Global research indicates a shift in SME priorities for 2024
New research released in January has revealed that 84.2% of SMEs list rising costs as their top business concern.
The research was conducted by Peninsula Group, leading HR and workplace relations advisory services, and surveyed SMEs across five countries – Australia, Canada, Ireland, New Zealand and the UK – to understand the top priorities and concerns for employers in 2024.
The global survey revealed:
- Growth is the main business goal for 44.7% of SMEs; a significant drop from 58.7% this time last year, reflecting the tough economic environment faced by businesses around the world. Australia and New Zealand appear hardest hit, with 22.4% and 26.6% respectively listing survival as their main goal for the year.
- It’s more positive news for the UK and Ireland, however, with just 18.8% in both countries listing survival as their top goal, compared to 38.4% and 34.7% respectively a year ago.
- Rising costs are the top concern for 84.2% of all businesses, while staffing continues to be a big issue. Labour shortages came in second highest at 45.6% with retention in third place at 41.5%.
- The cost-of-living crisis and staffing shortages are having a significant impact, with 56.3% of employers offering financial remuneration to help retention. Canada ranked highest here, at 64.9%.
- Those who are unable to give financial incentives are turning to reward and recognition to aid retention; this saw a huge 131% increase YoY. While mental health support was highly valued in all countries last year, this year it’s only in the UK where mental health is the second highest retention aid, with 48.7% of employers continuing to offer it – an increase of 8% from last year.
- Employers are also getting creative as they look to offset the ongoing skills shortage with 46.5% investing in upskilling and training their existing staff. Apprenticeships are also on the rise, with a 36% increase globally. Canadian employers especially are turning to apprentices with a massive 217% increase YoY. 25.7% of employers list recruitment as their biggest challenge staffing wise, with pay increase requests coming in second at 22%.
- In terms of working patterns, despite all the headlines surrounding a 4-day work week it’s clear that this is not a reality for many businesses. Only 2.2% of SMEs globally have moved to a 4-day working week, with a further 0.6% having trialled it and found it did not work for them. Instead, 50% of all employers say that their employees are all in the workplace full-time, 14.7% have flexible working hours, and 10.1% have made hybrid working a permanent policy.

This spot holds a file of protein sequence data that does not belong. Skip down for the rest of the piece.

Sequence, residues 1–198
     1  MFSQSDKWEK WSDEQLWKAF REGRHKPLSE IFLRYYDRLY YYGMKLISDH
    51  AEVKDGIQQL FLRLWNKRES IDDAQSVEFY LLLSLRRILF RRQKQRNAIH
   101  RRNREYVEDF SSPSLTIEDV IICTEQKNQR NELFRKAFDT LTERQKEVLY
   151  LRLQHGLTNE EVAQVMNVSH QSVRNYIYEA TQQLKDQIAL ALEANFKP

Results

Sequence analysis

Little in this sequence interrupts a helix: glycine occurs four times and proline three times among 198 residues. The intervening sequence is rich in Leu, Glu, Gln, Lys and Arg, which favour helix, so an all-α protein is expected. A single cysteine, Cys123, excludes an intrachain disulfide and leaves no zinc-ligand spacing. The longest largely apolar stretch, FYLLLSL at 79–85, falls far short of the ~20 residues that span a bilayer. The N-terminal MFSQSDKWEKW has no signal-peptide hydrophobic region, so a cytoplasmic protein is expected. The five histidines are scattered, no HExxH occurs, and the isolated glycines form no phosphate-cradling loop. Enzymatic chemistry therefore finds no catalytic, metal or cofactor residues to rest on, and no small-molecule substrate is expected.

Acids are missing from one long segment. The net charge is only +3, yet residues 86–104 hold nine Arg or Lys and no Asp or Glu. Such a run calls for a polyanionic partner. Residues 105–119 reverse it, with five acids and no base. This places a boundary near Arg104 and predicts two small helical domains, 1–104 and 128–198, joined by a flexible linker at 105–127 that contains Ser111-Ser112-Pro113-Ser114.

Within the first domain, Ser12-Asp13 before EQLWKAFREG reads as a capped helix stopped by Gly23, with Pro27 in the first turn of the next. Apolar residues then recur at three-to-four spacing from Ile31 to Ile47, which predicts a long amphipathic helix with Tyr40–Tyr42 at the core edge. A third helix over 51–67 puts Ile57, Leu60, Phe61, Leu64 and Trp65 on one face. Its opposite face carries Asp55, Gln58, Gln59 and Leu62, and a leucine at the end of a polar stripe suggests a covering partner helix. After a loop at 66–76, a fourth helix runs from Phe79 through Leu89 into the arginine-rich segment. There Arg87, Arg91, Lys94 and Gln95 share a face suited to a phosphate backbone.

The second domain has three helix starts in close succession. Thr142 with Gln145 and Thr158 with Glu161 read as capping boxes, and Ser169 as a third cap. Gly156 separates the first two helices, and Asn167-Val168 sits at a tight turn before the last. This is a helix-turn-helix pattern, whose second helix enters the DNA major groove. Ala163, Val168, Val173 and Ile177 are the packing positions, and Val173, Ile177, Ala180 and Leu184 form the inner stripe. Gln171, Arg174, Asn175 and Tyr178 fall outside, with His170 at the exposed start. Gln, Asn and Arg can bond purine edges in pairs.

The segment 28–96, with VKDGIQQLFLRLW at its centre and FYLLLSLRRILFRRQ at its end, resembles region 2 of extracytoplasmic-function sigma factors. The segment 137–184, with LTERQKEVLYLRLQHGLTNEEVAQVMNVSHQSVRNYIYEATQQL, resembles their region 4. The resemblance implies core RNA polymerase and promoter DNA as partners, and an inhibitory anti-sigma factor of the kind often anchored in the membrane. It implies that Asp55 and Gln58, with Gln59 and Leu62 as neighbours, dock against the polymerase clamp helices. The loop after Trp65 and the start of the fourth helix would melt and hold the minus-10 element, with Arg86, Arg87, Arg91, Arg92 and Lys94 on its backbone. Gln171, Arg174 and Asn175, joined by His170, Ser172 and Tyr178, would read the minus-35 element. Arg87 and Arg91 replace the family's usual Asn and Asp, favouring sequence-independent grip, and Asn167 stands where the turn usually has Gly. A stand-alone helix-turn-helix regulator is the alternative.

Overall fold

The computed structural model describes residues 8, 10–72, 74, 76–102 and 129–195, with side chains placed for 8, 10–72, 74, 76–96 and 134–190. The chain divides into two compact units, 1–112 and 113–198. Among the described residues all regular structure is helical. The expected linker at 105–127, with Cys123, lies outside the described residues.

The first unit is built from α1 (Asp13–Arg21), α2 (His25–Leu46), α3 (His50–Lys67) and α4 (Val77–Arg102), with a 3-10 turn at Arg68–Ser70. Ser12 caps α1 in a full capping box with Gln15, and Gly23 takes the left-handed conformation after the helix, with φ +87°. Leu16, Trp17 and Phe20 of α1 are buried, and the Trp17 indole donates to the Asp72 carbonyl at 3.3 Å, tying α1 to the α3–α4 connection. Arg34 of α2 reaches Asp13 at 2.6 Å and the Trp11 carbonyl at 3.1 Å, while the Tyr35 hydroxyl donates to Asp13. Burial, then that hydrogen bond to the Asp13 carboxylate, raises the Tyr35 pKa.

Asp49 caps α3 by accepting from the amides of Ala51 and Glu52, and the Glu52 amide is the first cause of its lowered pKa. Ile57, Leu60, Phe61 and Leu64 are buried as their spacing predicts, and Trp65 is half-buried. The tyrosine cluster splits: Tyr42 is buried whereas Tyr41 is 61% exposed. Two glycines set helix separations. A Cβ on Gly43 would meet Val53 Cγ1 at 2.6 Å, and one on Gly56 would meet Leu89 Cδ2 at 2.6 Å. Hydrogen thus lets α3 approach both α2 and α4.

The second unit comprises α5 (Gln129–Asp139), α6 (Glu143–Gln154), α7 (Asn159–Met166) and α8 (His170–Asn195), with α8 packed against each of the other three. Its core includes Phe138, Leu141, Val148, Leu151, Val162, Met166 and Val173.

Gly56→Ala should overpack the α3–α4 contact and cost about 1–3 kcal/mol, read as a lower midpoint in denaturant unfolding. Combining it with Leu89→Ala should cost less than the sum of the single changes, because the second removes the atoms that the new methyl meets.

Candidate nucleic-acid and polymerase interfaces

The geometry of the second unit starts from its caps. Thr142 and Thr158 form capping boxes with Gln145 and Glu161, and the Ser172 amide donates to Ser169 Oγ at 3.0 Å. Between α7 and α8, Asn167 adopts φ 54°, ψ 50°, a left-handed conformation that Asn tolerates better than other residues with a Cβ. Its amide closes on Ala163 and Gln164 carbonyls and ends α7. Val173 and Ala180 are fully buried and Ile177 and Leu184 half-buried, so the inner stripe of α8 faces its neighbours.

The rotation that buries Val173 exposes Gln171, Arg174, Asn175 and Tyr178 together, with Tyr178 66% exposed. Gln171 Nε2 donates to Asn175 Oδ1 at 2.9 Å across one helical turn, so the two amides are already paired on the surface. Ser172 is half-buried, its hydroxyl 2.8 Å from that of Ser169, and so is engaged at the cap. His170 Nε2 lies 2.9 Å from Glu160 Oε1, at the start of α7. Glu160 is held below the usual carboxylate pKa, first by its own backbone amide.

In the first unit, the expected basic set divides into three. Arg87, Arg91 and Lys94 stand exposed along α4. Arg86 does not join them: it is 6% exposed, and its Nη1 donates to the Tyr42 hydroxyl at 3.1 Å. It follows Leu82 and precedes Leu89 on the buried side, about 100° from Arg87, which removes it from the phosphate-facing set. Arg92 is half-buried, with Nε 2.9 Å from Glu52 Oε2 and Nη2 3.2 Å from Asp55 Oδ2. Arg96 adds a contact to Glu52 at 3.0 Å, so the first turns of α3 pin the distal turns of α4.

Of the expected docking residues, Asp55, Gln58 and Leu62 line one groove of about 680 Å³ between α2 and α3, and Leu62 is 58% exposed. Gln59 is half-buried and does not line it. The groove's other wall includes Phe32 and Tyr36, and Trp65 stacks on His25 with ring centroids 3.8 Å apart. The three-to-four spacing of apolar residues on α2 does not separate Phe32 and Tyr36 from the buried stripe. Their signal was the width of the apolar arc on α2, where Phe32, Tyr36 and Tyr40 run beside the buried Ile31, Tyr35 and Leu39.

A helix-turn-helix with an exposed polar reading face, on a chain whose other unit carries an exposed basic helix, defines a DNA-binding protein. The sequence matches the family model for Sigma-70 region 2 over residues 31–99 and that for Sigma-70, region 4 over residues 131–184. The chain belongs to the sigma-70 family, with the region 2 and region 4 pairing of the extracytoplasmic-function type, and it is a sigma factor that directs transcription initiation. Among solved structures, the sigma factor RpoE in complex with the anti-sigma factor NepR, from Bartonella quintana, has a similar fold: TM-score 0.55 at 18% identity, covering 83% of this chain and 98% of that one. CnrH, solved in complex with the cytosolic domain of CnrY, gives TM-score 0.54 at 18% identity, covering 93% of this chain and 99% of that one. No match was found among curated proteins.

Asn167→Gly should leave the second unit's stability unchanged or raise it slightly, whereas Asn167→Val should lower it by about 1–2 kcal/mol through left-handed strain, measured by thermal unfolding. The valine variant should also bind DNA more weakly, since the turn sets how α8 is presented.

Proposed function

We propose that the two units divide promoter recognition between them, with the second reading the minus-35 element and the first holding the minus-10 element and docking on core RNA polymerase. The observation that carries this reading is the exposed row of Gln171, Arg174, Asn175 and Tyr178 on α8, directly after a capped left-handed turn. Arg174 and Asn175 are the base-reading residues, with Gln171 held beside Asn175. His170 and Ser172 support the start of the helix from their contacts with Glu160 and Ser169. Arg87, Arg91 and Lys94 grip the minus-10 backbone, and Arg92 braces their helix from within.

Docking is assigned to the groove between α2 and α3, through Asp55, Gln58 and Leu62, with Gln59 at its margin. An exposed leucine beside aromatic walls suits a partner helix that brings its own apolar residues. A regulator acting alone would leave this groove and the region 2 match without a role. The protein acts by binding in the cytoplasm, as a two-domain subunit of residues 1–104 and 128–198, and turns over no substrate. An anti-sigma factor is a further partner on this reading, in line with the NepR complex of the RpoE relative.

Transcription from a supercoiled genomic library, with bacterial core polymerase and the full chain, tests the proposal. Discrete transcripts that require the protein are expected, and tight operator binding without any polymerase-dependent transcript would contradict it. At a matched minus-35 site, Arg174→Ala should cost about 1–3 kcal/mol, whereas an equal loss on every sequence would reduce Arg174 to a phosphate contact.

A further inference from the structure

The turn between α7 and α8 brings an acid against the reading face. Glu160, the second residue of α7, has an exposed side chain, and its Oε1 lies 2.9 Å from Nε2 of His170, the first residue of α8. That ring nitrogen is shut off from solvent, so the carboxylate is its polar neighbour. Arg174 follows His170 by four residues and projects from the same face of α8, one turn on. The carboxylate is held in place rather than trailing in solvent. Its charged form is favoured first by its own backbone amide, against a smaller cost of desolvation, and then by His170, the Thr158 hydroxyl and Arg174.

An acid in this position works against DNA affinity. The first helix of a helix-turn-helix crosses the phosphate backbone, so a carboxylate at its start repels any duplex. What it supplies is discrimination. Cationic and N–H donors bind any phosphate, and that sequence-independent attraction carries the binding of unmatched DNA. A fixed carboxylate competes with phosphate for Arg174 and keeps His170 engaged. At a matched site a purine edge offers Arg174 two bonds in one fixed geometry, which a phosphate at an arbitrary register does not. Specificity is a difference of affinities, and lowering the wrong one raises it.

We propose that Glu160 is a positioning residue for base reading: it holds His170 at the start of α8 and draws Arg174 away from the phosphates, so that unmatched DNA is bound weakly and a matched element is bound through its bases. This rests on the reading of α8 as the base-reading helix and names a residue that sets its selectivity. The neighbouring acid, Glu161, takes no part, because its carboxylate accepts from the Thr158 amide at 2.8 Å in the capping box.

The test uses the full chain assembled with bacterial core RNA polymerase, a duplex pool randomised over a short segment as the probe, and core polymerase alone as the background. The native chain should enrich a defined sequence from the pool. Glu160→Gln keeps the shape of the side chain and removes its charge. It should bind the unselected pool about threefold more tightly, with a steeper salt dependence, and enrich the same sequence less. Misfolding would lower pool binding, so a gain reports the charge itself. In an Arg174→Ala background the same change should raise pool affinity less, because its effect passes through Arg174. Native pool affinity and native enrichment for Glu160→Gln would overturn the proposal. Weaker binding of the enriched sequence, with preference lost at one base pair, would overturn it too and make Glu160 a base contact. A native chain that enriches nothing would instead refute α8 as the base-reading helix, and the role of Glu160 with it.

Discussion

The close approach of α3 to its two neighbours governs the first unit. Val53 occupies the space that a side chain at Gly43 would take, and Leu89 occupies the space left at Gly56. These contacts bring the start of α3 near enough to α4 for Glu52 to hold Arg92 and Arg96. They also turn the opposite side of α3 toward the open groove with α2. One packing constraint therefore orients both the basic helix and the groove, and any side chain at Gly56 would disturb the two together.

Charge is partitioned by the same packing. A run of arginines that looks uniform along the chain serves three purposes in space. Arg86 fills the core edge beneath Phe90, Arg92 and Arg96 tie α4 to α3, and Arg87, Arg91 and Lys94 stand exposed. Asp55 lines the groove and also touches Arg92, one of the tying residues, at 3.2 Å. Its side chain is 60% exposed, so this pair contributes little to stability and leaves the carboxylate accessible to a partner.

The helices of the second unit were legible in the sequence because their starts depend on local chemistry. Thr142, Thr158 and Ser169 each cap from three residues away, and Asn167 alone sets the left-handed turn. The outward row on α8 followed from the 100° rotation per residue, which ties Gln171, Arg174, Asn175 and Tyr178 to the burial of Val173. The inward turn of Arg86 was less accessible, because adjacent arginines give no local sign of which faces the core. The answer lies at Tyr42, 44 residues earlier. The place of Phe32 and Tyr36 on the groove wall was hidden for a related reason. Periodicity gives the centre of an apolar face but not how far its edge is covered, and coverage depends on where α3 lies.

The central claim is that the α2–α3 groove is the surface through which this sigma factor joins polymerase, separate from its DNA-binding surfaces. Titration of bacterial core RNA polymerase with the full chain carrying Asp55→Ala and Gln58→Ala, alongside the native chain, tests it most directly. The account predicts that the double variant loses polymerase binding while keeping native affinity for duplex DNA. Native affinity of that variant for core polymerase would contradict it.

David Price, CEO at Employsure, says “Despite the tough economic climate, there is an air of optimism amongst small business owners as we move into 2024. What’s been interesting to see is that recruitment continues to be a struggle when it comes to staffing and how that may shift this time next year after a year of increased migrant worker quotas under a new government.
“What was unexpected is that opting for flexible working hours, rather that remote or hybrid working models, has been the top choice to aid employee retention.
“Combined with the finding that more than half of businesses have returned to the office full time this suggests that there’s been a shift in priorities of employers and employees needing more collaboration and team engagement, therefore returning to a permanent office-first model but with a little more flexibility.
“Globally, it’s indicated that this will be a tough year for many businesses, but there is also a mood of opportunity. Employers are seeing the value in retaining employees and, in turn, employees are reaping the benefits. More than half were given a pay raise and employers are looking at creative ways to retain employees, such as upskilling and training opportunities, or flexible working where a pay raise is not possible.
“As January starts – traditionally the time of year when most people look for new jobs – it’s no surprise that business owners are looking at ways to upskill and retain their own employees, rather than having to spend time and money recruiting.”
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